Thursday, 5 January 2017

GPS Speedo

One of my main hobbies is old motorcycles, and one of the things all of my bikes have in common is crappy speedometers.

For some time I have been considering a GPS driven digital speedo which could be swapped between the bikes.  I have looked at using an Arduino and a GPS module in the past but was never satisfied with the display options.  Until now, I was doing some surfing round on AliExpress and came across an I2C OLED display HERE 

I decided on using the following:

  • Arduino nano clone from AliExpress HERE
  • AdaFruit Ultimate GPS breakout HERE
  • LiPo charger module from AliExpress HERE
  • LiPo battery salvaged from a broken Android tablet
Having checked that the Chinese Arduino nano clone was working fine (I have had a couple which didn't over the years) I started by exploring the AdaFruit learning pages for the GPS breakout HERE 

Having downloaded and installed the library and checked out a number of the samples I was happy with the GPS module itself although in the workshop at home it did take some time to establish a fix.

Onto the OLED display.  As this was a cheap Chinese clone, there was no nice library available.  After some playing with the AdaFruit OLED library I dismissed that as the display I had is somewhat different to the AdaFruit one.  After trying several different approaches I settled on the U8GLIB HERE which I had already got installed on my development PC at home for use with Marlin (3D printer firmware).  This library allows for several different fonts and font sizes but can be a little heavy on memory with either multiple fonts or large fonts.

Jury rigged prototype:

And got some code up and running which displayed the time and speed in suitable sized fonts and promptly ran out of memory!  After some font changes I got it to compile, albeit with 99% memory usage.

I spent some time exploring the TinyGPS+ library, which worked very well with the AdaFruit GPS mdule but found some issues when using both TinyGPS+ and the U8GLIB library.  The code worked fine when outputting the speed and time to the serial port but as soon as I started to output to the OLED it became very flaky with lock ups and just plain not updating the display.  The AdaFruit sample code I used as a base uses interrupts to read the GPS data and I suspect this is why it works OK with the display.  Further research is needed.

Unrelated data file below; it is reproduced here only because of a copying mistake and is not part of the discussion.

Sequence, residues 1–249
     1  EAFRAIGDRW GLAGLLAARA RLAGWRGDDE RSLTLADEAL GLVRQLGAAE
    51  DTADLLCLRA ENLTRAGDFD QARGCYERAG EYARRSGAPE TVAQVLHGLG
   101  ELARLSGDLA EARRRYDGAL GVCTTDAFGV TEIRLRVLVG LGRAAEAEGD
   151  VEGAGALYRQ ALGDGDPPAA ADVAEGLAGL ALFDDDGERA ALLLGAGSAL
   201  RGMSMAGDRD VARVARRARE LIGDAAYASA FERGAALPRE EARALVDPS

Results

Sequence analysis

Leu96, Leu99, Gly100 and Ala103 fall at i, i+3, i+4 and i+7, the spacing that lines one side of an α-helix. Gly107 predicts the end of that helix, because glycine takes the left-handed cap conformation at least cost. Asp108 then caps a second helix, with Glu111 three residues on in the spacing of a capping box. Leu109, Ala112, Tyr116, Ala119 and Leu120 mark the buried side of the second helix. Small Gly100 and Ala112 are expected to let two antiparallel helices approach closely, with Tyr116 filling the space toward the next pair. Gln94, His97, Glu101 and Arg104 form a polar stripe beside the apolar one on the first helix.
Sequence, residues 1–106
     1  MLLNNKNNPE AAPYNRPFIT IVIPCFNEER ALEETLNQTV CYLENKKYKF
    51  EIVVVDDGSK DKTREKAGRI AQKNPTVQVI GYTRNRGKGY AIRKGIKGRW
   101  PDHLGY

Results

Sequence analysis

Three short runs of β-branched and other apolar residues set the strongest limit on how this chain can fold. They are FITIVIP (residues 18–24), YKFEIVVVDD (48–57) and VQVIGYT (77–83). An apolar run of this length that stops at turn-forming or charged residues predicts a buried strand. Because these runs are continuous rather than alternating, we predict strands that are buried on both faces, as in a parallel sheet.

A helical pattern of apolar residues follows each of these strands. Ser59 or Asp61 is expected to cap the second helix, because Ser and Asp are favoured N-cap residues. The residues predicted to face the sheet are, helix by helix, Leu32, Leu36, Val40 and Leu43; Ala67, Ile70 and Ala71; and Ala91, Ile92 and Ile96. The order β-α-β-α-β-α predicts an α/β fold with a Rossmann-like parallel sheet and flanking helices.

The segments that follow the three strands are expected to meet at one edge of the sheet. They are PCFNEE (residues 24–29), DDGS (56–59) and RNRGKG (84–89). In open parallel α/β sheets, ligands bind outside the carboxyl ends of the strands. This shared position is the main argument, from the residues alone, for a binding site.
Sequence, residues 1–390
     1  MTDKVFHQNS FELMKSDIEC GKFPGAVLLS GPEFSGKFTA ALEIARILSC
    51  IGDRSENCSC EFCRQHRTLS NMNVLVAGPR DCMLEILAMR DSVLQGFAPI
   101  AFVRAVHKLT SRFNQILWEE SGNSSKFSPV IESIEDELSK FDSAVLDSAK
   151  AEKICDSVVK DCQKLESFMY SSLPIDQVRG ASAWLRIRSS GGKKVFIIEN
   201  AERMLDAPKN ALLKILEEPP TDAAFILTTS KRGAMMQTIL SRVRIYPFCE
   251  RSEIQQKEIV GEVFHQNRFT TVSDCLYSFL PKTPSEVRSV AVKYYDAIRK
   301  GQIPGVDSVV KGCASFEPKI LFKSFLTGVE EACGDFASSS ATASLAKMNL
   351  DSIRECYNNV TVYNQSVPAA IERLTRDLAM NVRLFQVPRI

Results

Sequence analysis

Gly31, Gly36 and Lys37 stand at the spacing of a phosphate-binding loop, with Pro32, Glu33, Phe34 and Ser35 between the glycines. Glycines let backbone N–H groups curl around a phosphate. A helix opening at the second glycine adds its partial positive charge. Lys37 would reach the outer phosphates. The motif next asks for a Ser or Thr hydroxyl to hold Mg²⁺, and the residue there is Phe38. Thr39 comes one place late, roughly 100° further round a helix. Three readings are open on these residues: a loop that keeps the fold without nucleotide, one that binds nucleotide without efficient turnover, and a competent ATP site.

At this point I jury rigged the LiPo charger module and battery and set it to charge (In a baking tray just in case of flames!) and all worked OK.  The LiPo module does not do any boosting of voltage so suppplies power at the battery voltage so I connected the output from the LiPo module to the GPS and OLED prototype and left it to run to see how long it would last.  After about 20 hours I got bored and decided that would probably do!

I stuck the jury rigged prototype in the car and drove about for a few days to evaluate accuracy.  It agreed with a GPS speedo based app on my phone and was within 5% of the speed shown on the car speedo.

Being reasonably confident now with the electronics side of the project I broke out Autodesk Fusion360 and started designing the case.  I has decided on a three part case with a base holding the battery, LiPo module and Arduino nano.  A middle tier with the display and GPS module in and a top part acting as a cover.  Using the laser cutter at work I had cut a rectangular piece of perspex to act as a window.  I fired up the 3D printer and started printing parts.  There were several iterations of the case parts as I tried and developed ideas.  

Some of the 3D printed parts:

I started the build by soldering together the modules and the battery.

Assembly has started

And fitted them into the case parts with some hot glue.

Assembled and hot glued.


I added a slide switch and left ports for the mini USB connection for the Arduino and the micro USB connector for the LiPo charger module.

At this time the case is printed in PLA.  Once I have had chance to use the speedo in anger I will re print the case in ABS.  I am also going to purchase one of the silicon baking mats and see whether I can laser cut some "gaskets" for between each layer of the case. I will also design a couple of bungs for the port openings and 3D print those on the SLA printer at work using some flexible resin.

I am planning to 3D print a Go-Pro compatible mount to go on the base so I can attach it to the bikes using a go-Pro style handlebar clamp,  So that's it done for now.  I will try the speedo out once things warm up a bit and report back.

In the mean time I will do some more research into alternative ways to drive the OLED and GPS modules.

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